It must be said that these behaviours reach a level that we can´t understand for now or manage as individual buyers. The machines that will make these purchases for us will use every mean at their disposal at the time of taking decisions: from comparative prices between sellers, possible offers, reputation of various establishments when selling the same product and their ranking in the opinions of others buyers. They can also do a comprehensive study on pages such as Facebook and twitter, research social trends or news that could alter our plans and for which we have not thought of at the beginning, such as verification of weather that could cause delays in our flights or socio- politic events if we intend to go on vacation to territories that are not stable or recommendable at that time… everything will count when looking after “our human beings”.
But this would not only apply from the side of the buyer as the same intelligence will apply to the side of the seller. That same emotional intelligence could be used in a company whose objective is to sell a product that, while not harmful, let’s say it is not healthy. A robot-seller will apply its “intelligence” in a supermarket in an interactive way, providing food and household products as described before. In this case robotization and sales processes would be altered to reach end users faster. Companies are not designed to be a charity and are organizations that respond to investors expecting a profit as a result of their investment. Needless to say, the seller-robots will have been selected for this purpose and, once this lesson is learnt (programmed) they will send the products that interest the company or send additional promotional products with the hope that, in a near future, these products will go from being a nice free marketing offer to an item that will become permanent in future purchases, as part of what would be the “recurrent shopping list”.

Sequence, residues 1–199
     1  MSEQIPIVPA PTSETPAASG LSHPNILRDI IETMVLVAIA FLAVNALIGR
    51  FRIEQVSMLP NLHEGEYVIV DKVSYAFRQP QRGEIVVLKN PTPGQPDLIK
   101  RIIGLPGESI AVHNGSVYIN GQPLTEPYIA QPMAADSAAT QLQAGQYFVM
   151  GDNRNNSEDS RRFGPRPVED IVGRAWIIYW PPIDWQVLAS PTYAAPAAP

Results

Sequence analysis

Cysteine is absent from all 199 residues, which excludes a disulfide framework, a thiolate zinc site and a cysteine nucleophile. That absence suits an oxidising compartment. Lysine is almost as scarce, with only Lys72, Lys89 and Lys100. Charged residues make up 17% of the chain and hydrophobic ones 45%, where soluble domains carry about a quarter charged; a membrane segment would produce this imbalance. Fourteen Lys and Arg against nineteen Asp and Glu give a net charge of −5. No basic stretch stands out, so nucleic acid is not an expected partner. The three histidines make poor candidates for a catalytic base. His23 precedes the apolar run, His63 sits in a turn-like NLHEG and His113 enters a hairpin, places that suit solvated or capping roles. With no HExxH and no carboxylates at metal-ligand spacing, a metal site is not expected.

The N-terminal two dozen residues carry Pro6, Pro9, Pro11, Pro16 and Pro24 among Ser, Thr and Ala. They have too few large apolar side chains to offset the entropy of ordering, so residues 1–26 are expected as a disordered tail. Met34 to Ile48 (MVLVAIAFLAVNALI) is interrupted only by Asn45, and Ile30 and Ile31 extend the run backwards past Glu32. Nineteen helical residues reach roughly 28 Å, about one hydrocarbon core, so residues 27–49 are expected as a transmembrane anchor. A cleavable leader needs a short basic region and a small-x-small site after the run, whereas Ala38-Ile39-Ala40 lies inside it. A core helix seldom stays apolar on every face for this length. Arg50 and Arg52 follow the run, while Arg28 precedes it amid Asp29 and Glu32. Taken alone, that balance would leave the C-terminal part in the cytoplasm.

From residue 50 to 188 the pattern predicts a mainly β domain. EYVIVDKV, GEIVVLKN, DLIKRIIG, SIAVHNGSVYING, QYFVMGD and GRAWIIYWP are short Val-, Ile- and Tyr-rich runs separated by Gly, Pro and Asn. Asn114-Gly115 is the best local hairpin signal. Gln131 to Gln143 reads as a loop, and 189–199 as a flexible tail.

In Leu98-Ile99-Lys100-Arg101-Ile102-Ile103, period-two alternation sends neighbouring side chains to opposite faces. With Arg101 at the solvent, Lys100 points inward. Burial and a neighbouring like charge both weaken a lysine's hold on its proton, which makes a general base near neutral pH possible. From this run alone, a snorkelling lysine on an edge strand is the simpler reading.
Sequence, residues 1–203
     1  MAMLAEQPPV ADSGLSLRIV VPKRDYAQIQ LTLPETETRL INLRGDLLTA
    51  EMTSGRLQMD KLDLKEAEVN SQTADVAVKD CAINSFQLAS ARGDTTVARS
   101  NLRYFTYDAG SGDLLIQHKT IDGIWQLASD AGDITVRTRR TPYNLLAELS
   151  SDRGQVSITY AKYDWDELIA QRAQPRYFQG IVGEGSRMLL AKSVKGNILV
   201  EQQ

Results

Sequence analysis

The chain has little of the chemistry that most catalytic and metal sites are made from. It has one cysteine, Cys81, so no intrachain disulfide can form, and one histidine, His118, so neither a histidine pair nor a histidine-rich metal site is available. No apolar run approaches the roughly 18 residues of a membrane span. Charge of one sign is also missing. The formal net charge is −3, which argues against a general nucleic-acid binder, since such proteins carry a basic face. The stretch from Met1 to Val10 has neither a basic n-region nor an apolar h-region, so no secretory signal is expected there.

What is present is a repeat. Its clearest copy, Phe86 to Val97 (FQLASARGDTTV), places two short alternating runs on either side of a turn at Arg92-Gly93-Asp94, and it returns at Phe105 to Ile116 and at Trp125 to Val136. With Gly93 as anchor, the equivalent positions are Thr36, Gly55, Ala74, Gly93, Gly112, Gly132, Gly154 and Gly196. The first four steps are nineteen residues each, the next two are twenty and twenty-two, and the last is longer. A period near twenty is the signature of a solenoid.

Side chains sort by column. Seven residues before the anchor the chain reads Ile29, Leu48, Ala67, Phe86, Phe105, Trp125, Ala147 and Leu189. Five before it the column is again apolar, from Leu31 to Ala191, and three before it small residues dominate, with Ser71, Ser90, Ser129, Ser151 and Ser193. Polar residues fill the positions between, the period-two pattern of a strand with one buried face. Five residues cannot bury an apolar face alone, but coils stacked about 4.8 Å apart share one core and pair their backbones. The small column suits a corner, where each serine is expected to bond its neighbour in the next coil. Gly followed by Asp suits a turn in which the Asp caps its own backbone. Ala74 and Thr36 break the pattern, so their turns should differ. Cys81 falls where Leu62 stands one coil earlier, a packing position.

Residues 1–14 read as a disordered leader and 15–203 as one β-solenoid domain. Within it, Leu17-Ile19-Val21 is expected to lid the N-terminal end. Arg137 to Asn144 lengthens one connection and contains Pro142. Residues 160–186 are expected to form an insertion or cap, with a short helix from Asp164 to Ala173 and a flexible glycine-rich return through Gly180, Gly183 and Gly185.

As you can see the future of sales and its processes will have a lot of “robotic humanization”, the circle in which the machines are used as a means to carry out the processes and have the final “decision” will be closed, being even deterrents, either in the purchase or sale. The human element will change: in the part of the purchase the humans will almost be forced to convince the robots to let them introduce some kind of “benevolent elements” that will let us “ruin” our health, such as an extra beer or a not so healthy steak. On the other hand, from the seller’s side, the manager of the shopping centre or business will have to give the corresponding talks to the sales team to both, humans and robots, as both will be of equal importance. The only difference will be the way of interacting with the sellers as language used may be either spoken or delivered through instructions interposed in a computer for its execution.
What is clear is that both, purchases and sales, and their processes will have a common element to the present: to bring the products and services in the most effective way to buyers who will demand speed and quality throughout the entire sales process.
You can read the original post in Spanish at El futuro de los procesos de ventas